Benton Oil & Gas Co., an Oxnard energy concern, said it has formed a joint venture with two Russian partners to explore, produce and market oil and natural gas from fields in West Siberia. The joint venture, named Geoilbent, will be based in the town of Tarko-Sale, about 1,500 miles northeast of Moscow. Benton will own 34% of the venture. The two Russian partners, which are arms of the Russian ministries that regulate natural resources, will each own 33%.
BUSINESS
October 13, 1991 | ELIZABETH SHOGREN, TIMES STAFF WRITER
An ancient-looking oil rig stood idle as the roughnecks who should have been drilling a new well were busy foraging for mushrooms in the mossy west Siberian forest nearby. The oil workers at Pad No. 32 and the three other Soviet drilling crews at West Varyegan Field in the oil-rich Tyumen region of Siberia were all stalled that day because they had run out of cement. "All we can do is sit and wait," Igor Shokalyuk, 28, the foreman at West Varyegan Pad No.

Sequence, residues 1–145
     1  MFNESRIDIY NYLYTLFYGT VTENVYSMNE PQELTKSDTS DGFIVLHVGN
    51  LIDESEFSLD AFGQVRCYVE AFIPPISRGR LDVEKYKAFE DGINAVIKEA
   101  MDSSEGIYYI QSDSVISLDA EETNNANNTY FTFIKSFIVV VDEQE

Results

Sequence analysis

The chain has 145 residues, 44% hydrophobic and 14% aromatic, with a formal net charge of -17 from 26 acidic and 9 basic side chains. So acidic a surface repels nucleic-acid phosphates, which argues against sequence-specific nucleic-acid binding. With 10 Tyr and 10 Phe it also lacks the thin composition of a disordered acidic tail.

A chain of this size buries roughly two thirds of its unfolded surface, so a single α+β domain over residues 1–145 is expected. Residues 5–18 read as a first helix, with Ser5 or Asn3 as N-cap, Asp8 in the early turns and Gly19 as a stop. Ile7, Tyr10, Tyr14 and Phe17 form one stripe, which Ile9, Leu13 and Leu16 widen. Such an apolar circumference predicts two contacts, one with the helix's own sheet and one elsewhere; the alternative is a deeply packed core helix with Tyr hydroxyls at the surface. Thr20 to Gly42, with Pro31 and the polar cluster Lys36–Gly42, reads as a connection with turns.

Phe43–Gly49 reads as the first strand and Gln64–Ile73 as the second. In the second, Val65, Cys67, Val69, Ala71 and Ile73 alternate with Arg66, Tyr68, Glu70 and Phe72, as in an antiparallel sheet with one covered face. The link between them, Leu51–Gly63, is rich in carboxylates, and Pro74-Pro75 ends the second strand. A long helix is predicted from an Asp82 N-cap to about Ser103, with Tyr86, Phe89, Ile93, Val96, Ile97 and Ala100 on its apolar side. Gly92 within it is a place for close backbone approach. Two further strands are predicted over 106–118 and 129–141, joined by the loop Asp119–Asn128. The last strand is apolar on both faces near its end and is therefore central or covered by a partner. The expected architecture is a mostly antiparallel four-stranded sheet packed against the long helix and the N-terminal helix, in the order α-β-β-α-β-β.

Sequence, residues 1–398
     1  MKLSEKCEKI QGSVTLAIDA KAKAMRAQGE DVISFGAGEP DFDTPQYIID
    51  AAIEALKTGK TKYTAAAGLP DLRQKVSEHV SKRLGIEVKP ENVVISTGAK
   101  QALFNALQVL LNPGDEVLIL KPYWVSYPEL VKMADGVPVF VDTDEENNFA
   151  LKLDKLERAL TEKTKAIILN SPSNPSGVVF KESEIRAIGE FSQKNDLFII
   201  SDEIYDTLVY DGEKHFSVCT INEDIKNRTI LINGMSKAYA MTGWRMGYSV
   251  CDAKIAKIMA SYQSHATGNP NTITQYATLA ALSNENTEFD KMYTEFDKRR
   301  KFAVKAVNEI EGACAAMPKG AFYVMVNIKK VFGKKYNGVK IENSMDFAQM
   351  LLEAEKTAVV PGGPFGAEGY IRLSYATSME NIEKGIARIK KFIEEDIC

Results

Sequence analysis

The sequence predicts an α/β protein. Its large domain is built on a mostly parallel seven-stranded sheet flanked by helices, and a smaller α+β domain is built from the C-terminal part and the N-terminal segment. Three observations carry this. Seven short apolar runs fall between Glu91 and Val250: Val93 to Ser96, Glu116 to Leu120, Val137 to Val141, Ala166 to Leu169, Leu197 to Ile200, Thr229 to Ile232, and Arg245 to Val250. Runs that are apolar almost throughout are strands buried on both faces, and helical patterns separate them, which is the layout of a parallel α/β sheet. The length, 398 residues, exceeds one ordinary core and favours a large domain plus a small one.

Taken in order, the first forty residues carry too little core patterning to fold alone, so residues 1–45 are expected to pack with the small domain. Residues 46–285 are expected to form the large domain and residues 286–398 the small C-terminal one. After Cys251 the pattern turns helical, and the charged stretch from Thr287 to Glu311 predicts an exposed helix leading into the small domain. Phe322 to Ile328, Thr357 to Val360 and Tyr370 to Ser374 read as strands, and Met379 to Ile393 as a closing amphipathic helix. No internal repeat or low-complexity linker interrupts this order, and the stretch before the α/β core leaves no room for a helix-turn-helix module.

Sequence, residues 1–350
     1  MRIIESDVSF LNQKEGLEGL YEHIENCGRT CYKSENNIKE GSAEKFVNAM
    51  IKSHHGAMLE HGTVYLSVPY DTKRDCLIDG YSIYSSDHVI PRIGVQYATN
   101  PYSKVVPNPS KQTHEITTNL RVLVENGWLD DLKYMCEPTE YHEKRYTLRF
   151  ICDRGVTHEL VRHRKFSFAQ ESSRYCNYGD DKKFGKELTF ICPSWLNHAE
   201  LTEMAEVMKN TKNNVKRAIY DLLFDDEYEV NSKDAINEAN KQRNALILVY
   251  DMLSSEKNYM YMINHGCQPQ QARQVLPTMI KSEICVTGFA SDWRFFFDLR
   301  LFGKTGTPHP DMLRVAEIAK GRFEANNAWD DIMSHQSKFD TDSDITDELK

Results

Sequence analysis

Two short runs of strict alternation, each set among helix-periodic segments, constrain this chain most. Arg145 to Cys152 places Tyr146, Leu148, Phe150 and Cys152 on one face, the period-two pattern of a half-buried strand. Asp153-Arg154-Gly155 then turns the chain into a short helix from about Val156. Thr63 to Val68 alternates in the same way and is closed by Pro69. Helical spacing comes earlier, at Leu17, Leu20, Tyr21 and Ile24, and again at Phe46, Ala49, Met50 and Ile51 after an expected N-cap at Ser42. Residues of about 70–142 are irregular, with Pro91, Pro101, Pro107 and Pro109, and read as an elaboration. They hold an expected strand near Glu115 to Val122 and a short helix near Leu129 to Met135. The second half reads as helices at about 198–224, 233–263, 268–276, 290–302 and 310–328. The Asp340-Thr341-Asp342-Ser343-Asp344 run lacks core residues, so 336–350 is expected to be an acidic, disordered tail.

BUSINESS
September 4, 1991 | JAMES FLANIGAN
The trouble with a lot of the expert analysis on the breakup of the Soviet Union is that it gives too much credit to bureaucracy and too little to the human spirit. "It is feared that the Soviet republics could become economic basket cases," say Washington foreign policy officials--as if 70 years of Moscow central planning hasn't made them basket cases already. One could imagine such experts in 1776 condemning the American colonies for breaking away from the British empire. But some savvy U.S.
BUSINESS
April 27, 1990 | BRUCE HOROVITZ, TIMES STAFF WRITER